I would argue that while growth is terrific, sentiment is more mediocre for these stocks. Take Amazon, which has bounced around since it reported earnings on February 3 but is still down by 5% over the last year. Its EPS Revisions Grade of C- is below the S&P 500 average rating of C+, and while I expect this to improve after this quarter’s solid results, I can’t see it pushing the $4,500+ price targets JPMorgan Chase and other firms have.

AMZN Earnings Revisions

Seeking Alpha

Tesla is another company I’d be cautious about overweighting right now, especially with the market currently favoring value stocks as earnings surprises dwindle. As we’ve learned this year, the most overvalued stocks are being targeted first, and there are few bigger targets than Tesla. In my January Dividend and Income ETF Report, I noted how Large-Cap Value ETFs had a median loss of 1.79% last month compared to 8.67% for the Large-Cap Growth category. Tesla surprised only by 4-6% on revenue and earnings, and the stock is down 17% YTD. The opportunity for the outsized returns of the past seems small, in my view.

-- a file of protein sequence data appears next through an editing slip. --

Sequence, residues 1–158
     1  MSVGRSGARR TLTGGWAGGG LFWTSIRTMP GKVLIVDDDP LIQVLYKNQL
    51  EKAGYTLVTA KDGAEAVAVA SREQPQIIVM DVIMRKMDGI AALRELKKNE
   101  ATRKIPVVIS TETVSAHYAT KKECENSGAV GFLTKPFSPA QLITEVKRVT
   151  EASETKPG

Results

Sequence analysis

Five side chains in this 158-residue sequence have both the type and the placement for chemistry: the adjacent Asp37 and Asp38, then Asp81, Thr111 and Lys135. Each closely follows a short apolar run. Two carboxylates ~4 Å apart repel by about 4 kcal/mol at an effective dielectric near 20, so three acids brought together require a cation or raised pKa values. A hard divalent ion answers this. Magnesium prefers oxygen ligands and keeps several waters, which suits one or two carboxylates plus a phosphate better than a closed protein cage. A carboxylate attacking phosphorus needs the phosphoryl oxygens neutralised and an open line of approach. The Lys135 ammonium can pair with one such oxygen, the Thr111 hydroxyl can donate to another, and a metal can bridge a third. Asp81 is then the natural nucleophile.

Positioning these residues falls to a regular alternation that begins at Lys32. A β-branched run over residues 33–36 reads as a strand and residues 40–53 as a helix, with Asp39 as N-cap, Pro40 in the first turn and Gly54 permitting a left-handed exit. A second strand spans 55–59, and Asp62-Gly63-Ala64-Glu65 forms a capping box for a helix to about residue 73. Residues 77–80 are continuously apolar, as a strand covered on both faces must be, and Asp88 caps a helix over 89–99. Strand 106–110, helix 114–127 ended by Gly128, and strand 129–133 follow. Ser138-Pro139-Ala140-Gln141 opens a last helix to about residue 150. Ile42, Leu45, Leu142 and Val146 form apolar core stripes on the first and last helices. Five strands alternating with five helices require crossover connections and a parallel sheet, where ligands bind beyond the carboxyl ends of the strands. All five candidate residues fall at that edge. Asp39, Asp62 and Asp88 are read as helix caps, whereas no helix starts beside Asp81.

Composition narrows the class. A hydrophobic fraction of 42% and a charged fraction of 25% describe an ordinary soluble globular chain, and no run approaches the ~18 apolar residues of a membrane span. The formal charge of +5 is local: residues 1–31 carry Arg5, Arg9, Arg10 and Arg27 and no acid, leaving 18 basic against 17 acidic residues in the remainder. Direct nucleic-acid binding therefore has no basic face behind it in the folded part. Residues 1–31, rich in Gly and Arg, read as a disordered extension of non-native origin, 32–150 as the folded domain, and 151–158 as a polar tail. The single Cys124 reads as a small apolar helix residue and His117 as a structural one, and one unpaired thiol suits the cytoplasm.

Investment Recommendation

I was bearish on SFY in November, and the thesis played out since it underperformed the S&P 500 but outperformed most large-cap growth ETFs, including SCHG. I think “growth-lite” is the best way to think about SFY since it adjusts weights based on three short-term growth metrics but not to any substantial degree. Even so, providing a buy rating would require a belief that growth stocks are undervalued today, which isn’t my position.

That said, the recent pullback makes its price more palatable, so I don’t think Index investors would be taking on any significant amount of additional risk if they wanted to try their hand at this zero-fee ETF. I’m not a buyer since I don’t see it having much of an advantage over SPY, but it’s a decent play if you think the market has overreacted but don’t want to bet the farm on it. Therefore, I’m rating SFY as a hold, and I look forward to providing another update in May when its Index reconstitutes next.



Read More: SoFi Select 500 ETF: The Hopeful Investors’ Zero-Fee Choice (NYSEARCA:SFY)